To observe the hidden water area and search for targets, the Sopka complex had to use the radar station Mys. This system allowed to conduct a circular review or to monitor the selected sector at distances up to 200 km. The mission of the Mys station was to search for targets and then issue data about them to other means of the missile complex, which are responsible for performing other tasks.
Tractor, PR-15 transporter and C-2 rocket. Figure Alternalhistory.com
Information about the found target was transmitted on the radar tracking "Burun". The task of this system was to support surface targets with the definition of their coordinates for the subsequent attack. Opportunities "Burun" allowed to monitor objects at distances comparable to the maximum detection limit of the Cape, at target speeds up to 60 nodes. The data from Burun station was used during the operation of the next element of the complex.
Directly for the attack of the target, the radar of the C-1 or C-1M in towed version had to respond. Before launching and until the end of the rocket’s flight, this station had to follow the target, directing its own beam to it. At all stages of the flight, the missile’s homing system had to receive a direct or reflected C-1 signal and produce orientation in space or guidance to an illuminated target.
The C-3 homing head, used on the C-2 rocket, was a further development of devices used in previous projects based on Komets. The semi-active seeker was supposed to work in two modes and thereby ensure the flight to the target area and then pointing at it. Immediately after launch, the rocket had to enter the beam of the C-1 station and be held there until a certain moment of flight — this mode of operation of the GOS was designated by the letter “A”. Mode “B” was activated at a distance of no more than 15-20 km from the target in accordance with a predetermined flight program. In this mode, the rocket had to search for the signal of the illumination station reflected by the target. The final targeting to the enemy object was made precisely by the reflected signal.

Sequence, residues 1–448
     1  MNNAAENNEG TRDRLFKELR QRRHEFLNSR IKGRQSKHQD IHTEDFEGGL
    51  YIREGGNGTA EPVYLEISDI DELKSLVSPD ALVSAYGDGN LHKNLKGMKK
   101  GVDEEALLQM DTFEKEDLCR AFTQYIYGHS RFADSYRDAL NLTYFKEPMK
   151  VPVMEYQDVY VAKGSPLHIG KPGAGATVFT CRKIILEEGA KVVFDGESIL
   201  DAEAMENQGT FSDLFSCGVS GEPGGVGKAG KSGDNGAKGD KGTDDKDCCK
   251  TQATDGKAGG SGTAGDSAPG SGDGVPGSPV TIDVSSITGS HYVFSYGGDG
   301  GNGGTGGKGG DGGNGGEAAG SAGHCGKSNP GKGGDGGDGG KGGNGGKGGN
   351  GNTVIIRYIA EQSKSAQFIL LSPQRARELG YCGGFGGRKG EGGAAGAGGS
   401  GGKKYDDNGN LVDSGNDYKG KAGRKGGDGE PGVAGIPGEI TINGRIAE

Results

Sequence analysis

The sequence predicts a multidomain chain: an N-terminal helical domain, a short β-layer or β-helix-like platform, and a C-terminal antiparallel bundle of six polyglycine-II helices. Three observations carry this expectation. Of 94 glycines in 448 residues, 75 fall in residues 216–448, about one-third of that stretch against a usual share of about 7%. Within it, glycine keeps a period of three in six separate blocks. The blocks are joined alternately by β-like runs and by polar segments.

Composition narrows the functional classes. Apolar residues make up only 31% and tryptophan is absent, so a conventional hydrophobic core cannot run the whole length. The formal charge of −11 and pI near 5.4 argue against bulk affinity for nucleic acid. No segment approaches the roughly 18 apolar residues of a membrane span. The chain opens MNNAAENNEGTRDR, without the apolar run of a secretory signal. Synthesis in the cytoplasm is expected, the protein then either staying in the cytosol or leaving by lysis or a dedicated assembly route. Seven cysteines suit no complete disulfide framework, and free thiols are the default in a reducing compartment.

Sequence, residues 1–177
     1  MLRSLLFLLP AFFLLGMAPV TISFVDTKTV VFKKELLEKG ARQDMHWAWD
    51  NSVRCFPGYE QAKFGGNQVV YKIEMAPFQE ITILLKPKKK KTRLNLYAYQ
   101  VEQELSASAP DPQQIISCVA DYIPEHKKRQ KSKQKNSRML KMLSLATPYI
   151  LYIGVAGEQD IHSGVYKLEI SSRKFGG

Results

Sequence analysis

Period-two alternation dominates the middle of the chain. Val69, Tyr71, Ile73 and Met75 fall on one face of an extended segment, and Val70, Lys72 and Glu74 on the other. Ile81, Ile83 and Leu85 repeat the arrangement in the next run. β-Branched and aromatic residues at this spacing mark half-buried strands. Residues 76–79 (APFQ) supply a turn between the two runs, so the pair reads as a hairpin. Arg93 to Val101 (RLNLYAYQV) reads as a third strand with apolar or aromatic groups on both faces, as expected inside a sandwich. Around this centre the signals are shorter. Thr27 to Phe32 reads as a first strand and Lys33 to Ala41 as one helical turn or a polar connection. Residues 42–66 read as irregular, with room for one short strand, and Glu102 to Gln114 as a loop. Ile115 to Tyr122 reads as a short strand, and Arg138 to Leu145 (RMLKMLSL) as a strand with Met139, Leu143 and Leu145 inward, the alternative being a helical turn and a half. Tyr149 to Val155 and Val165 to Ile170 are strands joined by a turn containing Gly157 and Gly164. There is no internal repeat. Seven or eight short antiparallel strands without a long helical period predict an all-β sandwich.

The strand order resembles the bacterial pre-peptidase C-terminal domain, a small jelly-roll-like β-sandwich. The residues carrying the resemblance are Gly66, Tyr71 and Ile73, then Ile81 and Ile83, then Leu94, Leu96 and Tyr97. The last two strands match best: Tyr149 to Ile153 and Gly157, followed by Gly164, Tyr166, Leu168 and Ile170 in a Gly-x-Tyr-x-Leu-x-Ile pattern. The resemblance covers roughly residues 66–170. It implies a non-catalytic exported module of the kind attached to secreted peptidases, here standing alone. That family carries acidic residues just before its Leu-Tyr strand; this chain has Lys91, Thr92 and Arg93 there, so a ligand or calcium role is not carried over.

The used set of radar detection and control tools allowed the Sopka complex to detect potentially dangerous surface objects within a radius of up to 200 km. Due to the limitations imposed by the design of the cruise missile, the target range did not exceed 95 km. Taking into account the speeds of potential targets, as well as the differences in the range of detection and destruction, the calculation of the coastal complex had enough time to perform all the necessary work before launching the rocket.
The main combat unit of the complex "Sopka" was to be the rocket division. The structure of this unit included four launchers, one set of radar stations and one command post. In addition, the division received a set of tractors, transporters for missiles, ammunition (most often 8 missiles) and various auxiliary means for maintenance, preparation for work, etc.
Rocket, rear view. The powder starting engine is visible. Photo Mil-history.livejournal.com
The coastal complex consisting of the C-2 rocket and the Mys, Burun and C-1 radar stations were first tested in early June of the 1957 year. Then, as part of testing the Strela stationary complex, a search for a training target was performed, followed by the launch of a cruise missile. Due to the high unification of the two complexes during the creation of the Sopka, it was possible to significantly reduce and speed up the test program. Most of the systems of this complex have already been tested in the course of the previous project, which had corresponding positive consequences.
Nevertheless, the complex "Sopka" still passed the necessary checks. Factory tests of this system started on November 27 1957 of the year. Before 21 December, four missile launches were made for the training target. In this case, the first two launches were single, and the last two missiles at the end of December were launched in one gulp. All four missiles successfully aimed at the target in the form of a ship standing on barrels, but only three were able to hit it. The rocket of the second launch did not hit the ship, but into one of the barrels that held it in place. Nevertheless, the tests were considered successful, which allowed to continue the work.
State tests of the Sopka complex began in the middle of August 1958, and continued over the next two months. During these checks, 11 missiles were used. One launch was recognized as completely successful, another seven were partially successful, and the other three did not lead to the defeat of the training goals. Such indicators of the complex, as well as the possibility of a quick change of position, became the reason for the emergence of recommendations for adoption.
December 19, 1958, the newest coastal missile system Sopka with the S-2 cruise missile was adopted by the Navy fleet. Soon after, the plan for the serial construction of new systems was finally adopted, followed by the transfer of the fleet to the coastal forces and deployment on various sections of the coast.
The formation of compounds that were to operate the new equipment began a few months before the official adoption of the Sopka into service. Back in June, a separate division was formed as part of the Baltic Fleet, which was armed with the Sopka complex. At the beginning of 1958, this division was reorganized into the 1960 th separate coastal missile regiment (OBRP). In May, the 27 th 60 th separate mobile coastal artillery regiment of the Baltic Fleet became a separate coastal missile regiment.